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  1. #1
    pattye
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    Default Dyed or Natural Color Pearls???

    Hi All,

    Here is a pearl? necklace that has me stumped!! The color was described as champagne/purple/green. It is 18" long and has 58 pearls, ranging in size from approx 7-7.5mm. Usually I don't go for such small pearls, however it had a unique glow in the photo (yes, it was on ebay)
    Is it a great dye job?? I haven't run across this color before. Any thoughts??
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    Thanks very much

    Pattye
    so many pearls, so little time

    Opps! I'll try to get a more clear photo, sorry all.

  2. #2
    pattye
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    Try again,


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    Thanks for your patience and any help and comments!!

    Pattye

  3. #3
    Super Moderator Senior Pearl-Guide.com Pearl Expert jshepherd's Avatar
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    I remember one member who would have called them kamschatkana naturals, or something like that. They are dyed freshwater, though. The color is nice!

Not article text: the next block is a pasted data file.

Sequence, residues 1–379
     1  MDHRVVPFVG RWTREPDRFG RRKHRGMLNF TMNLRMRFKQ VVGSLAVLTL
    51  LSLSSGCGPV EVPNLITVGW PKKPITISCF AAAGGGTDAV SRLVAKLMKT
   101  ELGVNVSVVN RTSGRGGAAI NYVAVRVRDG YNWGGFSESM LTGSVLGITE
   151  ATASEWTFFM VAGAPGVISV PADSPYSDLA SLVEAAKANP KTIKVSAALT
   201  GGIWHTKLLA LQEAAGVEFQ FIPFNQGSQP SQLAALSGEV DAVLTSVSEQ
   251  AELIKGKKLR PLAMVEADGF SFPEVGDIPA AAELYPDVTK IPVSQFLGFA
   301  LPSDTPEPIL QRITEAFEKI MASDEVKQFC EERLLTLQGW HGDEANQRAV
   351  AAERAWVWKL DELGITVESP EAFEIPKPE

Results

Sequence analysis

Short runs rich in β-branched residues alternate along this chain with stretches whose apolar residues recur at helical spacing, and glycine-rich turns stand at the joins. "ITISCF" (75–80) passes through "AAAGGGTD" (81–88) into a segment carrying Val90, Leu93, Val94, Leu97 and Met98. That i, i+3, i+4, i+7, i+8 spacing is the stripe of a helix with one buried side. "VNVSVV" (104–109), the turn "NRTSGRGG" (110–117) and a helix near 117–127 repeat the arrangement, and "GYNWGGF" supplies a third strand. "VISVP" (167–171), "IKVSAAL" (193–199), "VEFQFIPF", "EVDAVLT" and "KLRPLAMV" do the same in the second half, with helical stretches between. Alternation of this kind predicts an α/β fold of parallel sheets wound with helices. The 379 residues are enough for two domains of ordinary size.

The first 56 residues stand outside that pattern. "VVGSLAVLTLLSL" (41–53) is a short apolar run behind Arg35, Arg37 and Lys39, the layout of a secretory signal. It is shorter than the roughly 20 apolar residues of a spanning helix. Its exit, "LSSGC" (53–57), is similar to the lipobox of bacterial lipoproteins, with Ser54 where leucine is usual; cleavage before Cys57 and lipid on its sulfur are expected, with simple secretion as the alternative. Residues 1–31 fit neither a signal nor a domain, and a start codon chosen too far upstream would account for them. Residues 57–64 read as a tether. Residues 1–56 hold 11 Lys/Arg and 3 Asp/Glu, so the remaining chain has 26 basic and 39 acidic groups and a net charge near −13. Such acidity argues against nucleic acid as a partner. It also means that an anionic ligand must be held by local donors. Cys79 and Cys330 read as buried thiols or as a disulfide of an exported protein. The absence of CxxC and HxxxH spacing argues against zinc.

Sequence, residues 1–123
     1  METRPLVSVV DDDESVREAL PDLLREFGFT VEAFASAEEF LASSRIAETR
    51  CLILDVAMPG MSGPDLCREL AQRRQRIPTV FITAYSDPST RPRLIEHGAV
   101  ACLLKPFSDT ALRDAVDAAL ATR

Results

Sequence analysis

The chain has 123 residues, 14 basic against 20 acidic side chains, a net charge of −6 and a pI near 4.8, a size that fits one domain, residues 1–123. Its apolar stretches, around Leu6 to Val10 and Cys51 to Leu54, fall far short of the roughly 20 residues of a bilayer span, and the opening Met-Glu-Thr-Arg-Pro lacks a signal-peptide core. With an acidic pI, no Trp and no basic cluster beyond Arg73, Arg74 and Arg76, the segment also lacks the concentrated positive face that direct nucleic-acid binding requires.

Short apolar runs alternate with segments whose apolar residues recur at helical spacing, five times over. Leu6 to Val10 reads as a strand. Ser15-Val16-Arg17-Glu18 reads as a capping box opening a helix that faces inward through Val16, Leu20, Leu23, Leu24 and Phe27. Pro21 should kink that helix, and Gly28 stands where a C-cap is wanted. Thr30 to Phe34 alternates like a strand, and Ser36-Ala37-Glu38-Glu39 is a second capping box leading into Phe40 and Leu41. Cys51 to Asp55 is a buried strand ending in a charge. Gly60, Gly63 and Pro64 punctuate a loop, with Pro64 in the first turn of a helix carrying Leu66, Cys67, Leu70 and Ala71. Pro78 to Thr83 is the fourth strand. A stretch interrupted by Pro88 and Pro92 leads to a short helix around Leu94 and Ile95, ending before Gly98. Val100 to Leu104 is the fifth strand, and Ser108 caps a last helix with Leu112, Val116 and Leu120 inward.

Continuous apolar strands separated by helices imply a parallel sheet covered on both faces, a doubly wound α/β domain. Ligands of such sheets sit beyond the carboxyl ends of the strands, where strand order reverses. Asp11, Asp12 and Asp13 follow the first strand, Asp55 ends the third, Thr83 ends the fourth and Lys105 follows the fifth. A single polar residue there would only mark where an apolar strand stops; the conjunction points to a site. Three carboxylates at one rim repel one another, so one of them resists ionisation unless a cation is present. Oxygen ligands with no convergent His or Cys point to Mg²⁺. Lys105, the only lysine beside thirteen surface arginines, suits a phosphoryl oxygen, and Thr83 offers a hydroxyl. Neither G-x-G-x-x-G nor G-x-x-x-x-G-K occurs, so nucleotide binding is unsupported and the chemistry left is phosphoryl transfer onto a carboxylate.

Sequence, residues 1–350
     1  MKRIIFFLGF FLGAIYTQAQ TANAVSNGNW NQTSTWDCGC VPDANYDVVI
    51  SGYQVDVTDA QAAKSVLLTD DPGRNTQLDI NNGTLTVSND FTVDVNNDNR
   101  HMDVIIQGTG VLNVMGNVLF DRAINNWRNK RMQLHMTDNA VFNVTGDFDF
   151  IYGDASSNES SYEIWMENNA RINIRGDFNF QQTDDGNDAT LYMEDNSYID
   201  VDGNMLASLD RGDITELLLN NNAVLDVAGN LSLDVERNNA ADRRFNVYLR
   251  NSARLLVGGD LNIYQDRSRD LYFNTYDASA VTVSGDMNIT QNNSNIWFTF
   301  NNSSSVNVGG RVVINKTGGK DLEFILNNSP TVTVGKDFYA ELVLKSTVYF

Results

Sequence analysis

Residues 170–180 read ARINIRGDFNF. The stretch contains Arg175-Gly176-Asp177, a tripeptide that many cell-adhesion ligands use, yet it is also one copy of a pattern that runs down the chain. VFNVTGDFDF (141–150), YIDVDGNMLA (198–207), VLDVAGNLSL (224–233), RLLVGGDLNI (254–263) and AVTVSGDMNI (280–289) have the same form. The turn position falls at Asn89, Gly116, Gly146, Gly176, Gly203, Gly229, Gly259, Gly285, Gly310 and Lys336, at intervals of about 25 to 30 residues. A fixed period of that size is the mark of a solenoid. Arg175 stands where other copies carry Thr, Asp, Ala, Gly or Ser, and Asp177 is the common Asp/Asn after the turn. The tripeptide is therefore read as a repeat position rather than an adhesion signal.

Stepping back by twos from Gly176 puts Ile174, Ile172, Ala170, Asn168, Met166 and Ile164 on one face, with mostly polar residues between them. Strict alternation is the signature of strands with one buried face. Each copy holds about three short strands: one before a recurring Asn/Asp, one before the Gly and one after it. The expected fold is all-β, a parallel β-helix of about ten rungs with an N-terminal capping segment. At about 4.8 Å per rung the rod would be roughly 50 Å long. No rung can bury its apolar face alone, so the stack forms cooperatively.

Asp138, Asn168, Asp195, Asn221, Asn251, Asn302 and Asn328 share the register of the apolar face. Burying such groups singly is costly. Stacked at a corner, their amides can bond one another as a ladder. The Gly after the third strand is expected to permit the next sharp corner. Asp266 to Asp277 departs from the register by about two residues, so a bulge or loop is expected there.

Last edited by jshepherd; 04-20-2007 at 07:29 PM.

  4. #4
    pattye
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    Thanks Jeremy!

    I guess the closest thing to faux Padparadscha pearls these days! LOL!

    Pattye
    so many pearls, so little time

  5. #5
    Pearl Maven Senior Pearl-Guide.com Pearl Expert Caitlin's Avatar
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    That is faux faux haliotus kamschatkas, or perfectly round cultured abalone pearls. The originals were faux, so my copies of the original faux are called, "faux faux"